Financial Mail - - EDITORIALS -

t should come as no sur­prise that the He­her Com­mis­sion has fi­nally con­cluded that free higher ed­u­ca­tion for all South Africans is “un­af­ford­able”. Two years ago, Pres­i­dent Ja­cob Zuma es­tab­lished the com­mis­sion to an­swer the ques­tion: is free higher ed­u­ca­tion fea­si­ble?

Ac­tu­ally, it was the wrong ques­tion, be­cause the an­swer was al­ways go­ing to be “no”. It doesn’t take more than a cur­sory glance at SA’S pub­lic fi­nances to see that.

Any­way, with only 5% of poor chil­dren qual­i­fy­ing for univer­sity, com­pared with 40%-50% from the af­flu­ent mid­dle-classes, free ed­u­ca­tion would al­ways be a re­gres­sive pol­icy, giv­ing a free ride to those who could ac­tu­ally af­ford to pay some­thing to­wards ed­u­ca­tion.

Rather, what He­her’s com­mis­sion should have been asked to es­tab­lish was whether ter­tiary ed­u­ca­tion could be made more ac­ces­si­ble through in­no­va­tive fi­nanc­ing mech­a­nisms, be­cause then the an­swer would have been a re­sound­ing “yes”.

So, hav­ing sat on He­her’s re­port for months — thereby plung­ing the state into yet another pub­lic re­la­tions night­mare that threat­ens to bub­ble over into fur­ther vi­o­lent protests — Zuma still can’t sat­isfy stu­dents’ de­mands.

It is vi­tal that the state gets ahead of the sit­u­a­tion by ex­plain­ing that He­her has pro­posed a more sus­tain­able so­lu­tion than free univer­sity ed­u­ca­tion, but which will re­quire a greater con­tri­bu­tion from ev­ery­one ex­cept the poor.

In this model, univer­sity stu­dents con­trib­ute to their fees on a slid­ing scale de­pend­ing on house­hold in­come, but tech­ni­cal and vo­ca­tional ed­u­ca­tion and train­ing (TVET) is free, as most col­lege stu­dents come from poorer back­grounds.

The com­mis­sion also rec­om­mends that TVET stu­dents get a stipend and R50bn be di­verted from the sur­plus in the Un­em­ploy­ment In­sur­ance Fund to re­ha­bil­i­tate col­lege in­fra­struc­ture.

The clear at­tempt by the com­mis­sion to chan­nel stu­dents to­wards tech­ni­cal and vo­ca­tional

Ica­reers makes sense, given the needs of the econ­omy and SA’S sky-high un­em­ploy­ment. But find­ing the money, even for this, will be tricky.

Re­port­edly, one of He­her’s rec­om­men­da­tions is that gov­ern­ment sub­si­dies to uni­ver­si­ties should be raised to 1% of GDP. That would push up the sec­tor’s 2018/2019 al­lo­ca­tion from R39bn (0.8% of GDP) to about R49bn.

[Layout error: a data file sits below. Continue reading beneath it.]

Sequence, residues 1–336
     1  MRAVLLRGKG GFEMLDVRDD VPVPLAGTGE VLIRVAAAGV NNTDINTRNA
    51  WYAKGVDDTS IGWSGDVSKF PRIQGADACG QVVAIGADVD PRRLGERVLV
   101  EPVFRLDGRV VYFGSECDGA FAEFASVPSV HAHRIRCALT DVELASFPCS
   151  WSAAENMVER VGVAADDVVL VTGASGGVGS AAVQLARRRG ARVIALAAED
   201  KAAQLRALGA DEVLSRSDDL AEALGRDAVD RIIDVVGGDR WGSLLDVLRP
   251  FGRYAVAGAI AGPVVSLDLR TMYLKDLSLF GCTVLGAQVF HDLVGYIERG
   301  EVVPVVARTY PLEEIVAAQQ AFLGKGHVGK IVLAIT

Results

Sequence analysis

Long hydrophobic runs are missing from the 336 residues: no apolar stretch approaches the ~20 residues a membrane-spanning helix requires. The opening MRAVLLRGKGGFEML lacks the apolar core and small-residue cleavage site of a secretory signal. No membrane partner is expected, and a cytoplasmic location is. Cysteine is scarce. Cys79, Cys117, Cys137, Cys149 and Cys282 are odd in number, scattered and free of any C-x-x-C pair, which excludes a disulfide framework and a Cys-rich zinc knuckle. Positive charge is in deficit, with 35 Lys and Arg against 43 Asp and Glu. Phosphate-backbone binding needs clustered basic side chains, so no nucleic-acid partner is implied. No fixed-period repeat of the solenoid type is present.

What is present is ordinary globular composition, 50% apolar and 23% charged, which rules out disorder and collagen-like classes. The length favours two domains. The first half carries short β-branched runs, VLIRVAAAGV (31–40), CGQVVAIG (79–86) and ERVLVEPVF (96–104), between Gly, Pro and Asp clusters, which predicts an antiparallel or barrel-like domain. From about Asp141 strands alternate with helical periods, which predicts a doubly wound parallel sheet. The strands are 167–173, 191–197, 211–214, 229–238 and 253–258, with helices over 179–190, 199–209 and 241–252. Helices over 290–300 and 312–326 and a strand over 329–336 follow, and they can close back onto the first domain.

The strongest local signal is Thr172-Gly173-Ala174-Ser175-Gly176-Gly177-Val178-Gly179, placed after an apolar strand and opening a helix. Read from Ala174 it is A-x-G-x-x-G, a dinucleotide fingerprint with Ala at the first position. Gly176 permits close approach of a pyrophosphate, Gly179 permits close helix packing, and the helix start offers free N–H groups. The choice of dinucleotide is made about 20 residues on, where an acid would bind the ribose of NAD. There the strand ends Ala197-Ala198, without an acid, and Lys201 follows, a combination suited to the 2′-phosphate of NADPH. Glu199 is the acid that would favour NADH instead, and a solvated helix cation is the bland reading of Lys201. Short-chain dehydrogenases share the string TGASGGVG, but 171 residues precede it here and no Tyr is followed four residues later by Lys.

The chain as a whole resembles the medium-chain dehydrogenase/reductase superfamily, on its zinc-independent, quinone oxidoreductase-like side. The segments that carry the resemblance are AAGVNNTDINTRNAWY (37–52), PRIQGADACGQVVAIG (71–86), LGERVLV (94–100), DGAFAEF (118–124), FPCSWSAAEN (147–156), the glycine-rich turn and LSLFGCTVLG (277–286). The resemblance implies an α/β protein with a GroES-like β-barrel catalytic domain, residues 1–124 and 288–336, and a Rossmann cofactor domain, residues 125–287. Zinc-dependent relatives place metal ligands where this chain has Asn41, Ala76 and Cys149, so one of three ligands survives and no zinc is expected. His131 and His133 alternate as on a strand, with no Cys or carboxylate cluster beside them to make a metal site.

In ad­di­tion, the state cur­rently spends R10bn/year fund­ing 70% of TVET stu­dents. Cover­ing the full cost of study for all of them would cost a fur­ther R23.5bn over the next three years.

To en­sure the state’s stu­dent fi­nan­cial aid scheme re­mains sus­tain­able, He­her re­port­edly rec­om­mends that loan ben­e­fi­cia­ries who grad­u­ate and find jobs be sub­ject to au­to­matic salary de­duc­tions by the SA Rev­enue Ser­vice once they earn more than a cer­tain amount.

This was the sen­si­ble rec­om­men­da­tion made by a task team set up un­der for­mer Firstrand CEO Sizwe Nx­as­ana at the height of the fees protests.

It also pro­posed ways to tap into pri­vate in­sti­tu­tions to fund the R25bn gap be­tween what gov­ern­ment can af­ford and what is needed to cover the full cost of ter­tiary study for poor and “miss­ing-mid­dle” stu­dents.

The so­lu­tion, it said, was to over­haul the dys­func­tional Na­tional Stu­dent Fi­nan­cial Aid Scheme and re­place it with a pri­vate-pub­lic part­ner­ship scheme to win the trust of fun­ders. A pilot project, Ikusasa, has been op­er­at­ing at seven uni­ver­si­ties over the past year, and feed­back has been “very pos­i­tive”, says Nx­as­ana.

There are enough sim­i­lar­i­ties in the fund­ing ap­proach from the He­her re­port to sug­gest this new model is be­ing em­braced. It’s a bet­ter model for SA than free ed­u­ca­tion, af­ter all.

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